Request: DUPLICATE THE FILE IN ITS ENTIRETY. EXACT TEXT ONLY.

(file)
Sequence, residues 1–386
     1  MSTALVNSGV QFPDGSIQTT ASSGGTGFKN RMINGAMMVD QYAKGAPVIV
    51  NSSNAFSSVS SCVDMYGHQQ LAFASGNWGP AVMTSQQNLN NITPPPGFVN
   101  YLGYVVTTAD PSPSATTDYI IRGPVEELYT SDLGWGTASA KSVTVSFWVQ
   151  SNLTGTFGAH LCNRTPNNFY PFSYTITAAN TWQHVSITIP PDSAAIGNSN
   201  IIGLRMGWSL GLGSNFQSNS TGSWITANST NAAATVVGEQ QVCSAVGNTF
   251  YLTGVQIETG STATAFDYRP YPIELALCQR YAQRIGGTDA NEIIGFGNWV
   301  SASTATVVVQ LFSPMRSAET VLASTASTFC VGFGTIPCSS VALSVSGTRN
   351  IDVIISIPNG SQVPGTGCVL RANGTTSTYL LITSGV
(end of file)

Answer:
Sequence, residues 1–386
     1  MSTALVNSGV QFPDGSIQTT ASSGGTGFKN RMINGAMMVD QYAKGAPVIV
    51  NSSNAFSSVS SCVDMYGHQQ LAFASGNWGP AVMTSQQNLN NITPPPGFVN
   101  YLGYVVTTAD PSPSATTDYI IRGPVEELYT SDLGWGTASA KSVTVSFWVQ
   151  SNLTGTFGAH LCNRTPNNFY PFSYTITAAN TWQHVSITIP PDSAAIGNSN
   201  IIGLRMGWSL GLGSNFQSNS TGSWITANST NAAATVVGEQ QVCSAVGNTF
   251  YLTGVQIETG STATAFDYRP YPIELALCQR YAQRIGGTDA NEIIGFGNWV
   301  SASTATVVVQ LFSPMRSAET VLASTASTFC VGFGTIPCSS VALSVSGTRN
   351  IDVIISIPNG SQVPGTGCVL RANGTTSTYL LITSGV